I’ve been a but dizzy lately, unable to settle down and dig into a story. Eventually I just kept two docs open and switched back and forth as the mood took me – Oi! To be one of those uber organized writers who outline things! – but last week I started writing a story about a girl named Coffy. As sweet as her cinematic namesake was a badass, in this snippet we learn that everyone has their breaking point. You can take a stand without compromising who you are, and sometimes the next best thing is just around the corner…or in another dimension, blonde, big, and dressed in black leather. As yet untitled and unedited, enjoy!
This did it. She was officially done. No more. She couldn’t take another – anything! What was she, a doormat?
Yes, her subconscious whispered. That’s exactly what you are.
“Not anymore,” she muttered, stuffing her things into her backpack.
The suitcase she’d arrived with had been borrowed long ago and never returned, along with half, heck, most of her clothes. She supposed it was just as well all she had was this backpack. It would have been tough to split on a bike othwerise.
Coffy looked around at the room where she’d spent the last 18 months of her life. She snorted. “See you later, jerks,” she whispered, peeking into the drawers and under the bed one last time to make sure she wasn’t leaving anything behind. The doormat, also known as Coffy Cartwright, has left the building. “I’m done letting everyone wipe their feet all over me.”
It was tough to take the high road when the people around you didn’t know what that was, and if they did, didn’t care. She’d been raised to take pride in her calm ability to not overreact, to behave decorously. Her mother, her lively, laughing mother had often praised young Coffy for being just like her daddy, “cool under pressure.
“You’re not like me, that’s for sure,” she’d sometimes laughed. “If I were a tea kettle, I’d be on perpetual boil! But that can be a tiresome way to live, baby girl. Better to take things in stride like you and your daddy. Half the time, anything you can get upset over isn’t worth the energy once you get to the bottom of it anyway.”
She took pride in the fact that she didn’t swear and did not act out in public because her mother had appreciated those qualities in her. Even now when anger was rapidly moving toward a belly-curdling rage so potent she had to close her eyes and breathe deep to keep from exploding, she managed to pull herself back from the edge.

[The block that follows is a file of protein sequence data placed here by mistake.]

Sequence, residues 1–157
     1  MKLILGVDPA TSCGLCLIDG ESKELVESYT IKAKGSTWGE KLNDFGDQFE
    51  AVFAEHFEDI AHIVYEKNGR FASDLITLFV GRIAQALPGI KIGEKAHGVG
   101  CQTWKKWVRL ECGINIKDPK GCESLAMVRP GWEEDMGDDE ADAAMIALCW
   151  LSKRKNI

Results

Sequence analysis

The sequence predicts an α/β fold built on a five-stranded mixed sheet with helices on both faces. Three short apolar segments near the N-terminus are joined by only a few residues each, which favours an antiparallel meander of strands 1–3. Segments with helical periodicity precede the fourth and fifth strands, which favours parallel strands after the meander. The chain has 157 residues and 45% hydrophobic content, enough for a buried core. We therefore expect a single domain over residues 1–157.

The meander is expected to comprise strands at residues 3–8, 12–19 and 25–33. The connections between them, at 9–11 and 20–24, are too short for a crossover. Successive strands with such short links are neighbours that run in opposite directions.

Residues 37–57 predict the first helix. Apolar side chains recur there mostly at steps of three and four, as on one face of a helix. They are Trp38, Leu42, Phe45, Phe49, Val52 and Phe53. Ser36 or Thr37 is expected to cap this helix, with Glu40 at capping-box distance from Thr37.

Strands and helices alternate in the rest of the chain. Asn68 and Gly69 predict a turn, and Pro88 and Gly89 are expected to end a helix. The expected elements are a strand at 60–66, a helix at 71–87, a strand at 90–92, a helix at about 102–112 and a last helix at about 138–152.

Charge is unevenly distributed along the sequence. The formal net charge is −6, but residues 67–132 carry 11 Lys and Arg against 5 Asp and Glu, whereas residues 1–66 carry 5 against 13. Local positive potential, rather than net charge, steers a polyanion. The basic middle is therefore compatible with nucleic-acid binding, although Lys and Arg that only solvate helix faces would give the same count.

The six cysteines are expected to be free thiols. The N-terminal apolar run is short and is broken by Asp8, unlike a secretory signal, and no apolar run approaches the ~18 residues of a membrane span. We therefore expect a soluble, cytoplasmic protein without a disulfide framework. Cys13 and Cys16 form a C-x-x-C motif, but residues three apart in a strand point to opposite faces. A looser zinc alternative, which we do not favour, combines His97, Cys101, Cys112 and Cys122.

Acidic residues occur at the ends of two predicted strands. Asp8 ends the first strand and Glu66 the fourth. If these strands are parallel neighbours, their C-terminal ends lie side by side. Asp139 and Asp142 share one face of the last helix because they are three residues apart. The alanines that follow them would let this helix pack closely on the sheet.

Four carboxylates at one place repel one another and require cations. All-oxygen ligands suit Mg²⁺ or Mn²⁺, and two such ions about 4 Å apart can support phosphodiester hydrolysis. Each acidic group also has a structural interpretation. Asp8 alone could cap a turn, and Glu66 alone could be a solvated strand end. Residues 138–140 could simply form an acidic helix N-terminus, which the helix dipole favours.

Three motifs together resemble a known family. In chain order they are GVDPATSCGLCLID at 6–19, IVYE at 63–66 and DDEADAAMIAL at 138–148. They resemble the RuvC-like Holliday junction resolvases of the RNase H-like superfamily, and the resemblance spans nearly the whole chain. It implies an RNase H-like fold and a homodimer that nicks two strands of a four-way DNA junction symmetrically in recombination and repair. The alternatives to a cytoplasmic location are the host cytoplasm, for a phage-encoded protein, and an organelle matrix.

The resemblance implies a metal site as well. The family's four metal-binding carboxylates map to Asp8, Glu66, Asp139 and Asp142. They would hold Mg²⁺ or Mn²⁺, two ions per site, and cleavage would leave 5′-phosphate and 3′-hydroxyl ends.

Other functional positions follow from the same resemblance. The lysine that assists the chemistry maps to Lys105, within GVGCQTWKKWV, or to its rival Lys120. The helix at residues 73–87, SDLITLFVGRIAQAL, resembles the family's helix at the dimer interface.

Momma, momma, momma, she thought, reciting her beloved mother’s name like a mantra to ward off evil. Slowly she began to calm.
“Where are you going?” Carole sneered.
Coffy stopped and turned back to look at the girl who’d eaten the last of the birthday supper Mrs. Turner, the owner of their women’s hostel had made for her. A supper she’d barely gotten to taste once everyone’s greedy grubby grabbing hands had snatched everything up. No one cared that the birthday girl had worked all day and was hungry. It was first come, first take or steal, just like always.
“As far away from you as humanly possible,” she answered, enjoying the shocked look on the girl’s fat face before she turned on her heel and walked out.
She’d already said goodbye to Mrs. Turner. The other girls could fall into a hole for all she cared. She just had to retrieve her bike, and she could split.
When she got to the garage, one of the other roomers Angela had a leg cocked to throw over her bike.
“Stop,” Coffy commanded.
The girl paused uncertainly, but smiled when she saw who it was. “Oh, Coffy. I was just borrowing your bike to go to the store. You don’t mind do you?”
Coffy didn’t even bother to answer – why was it most women named Angela were really demons in disguise? – She just took her bike from the girls hands and walked off.
“Can’t I just –”
“No!” Coffy said, and flipped her the bird as she pedaled off. She figured enough was enough. Even the quiet ones had their breaking point. Besides, the silly, thieving cow had left her with a slow leak the last time she borrowed the bike, without asking, and hadn’t offered a dime to help her get it fixed.
She laughed as she rode away, the wind tugged cheerfully at her hair. Man, it felt good to be going somewhere. Suddenly, the fact that she only had a small bag to take into her new life seemed like a blessing rather than an unfortunate circumstance.
“With any luck,” she told herself, “my next landing place will be better than the last.” Continue Reading →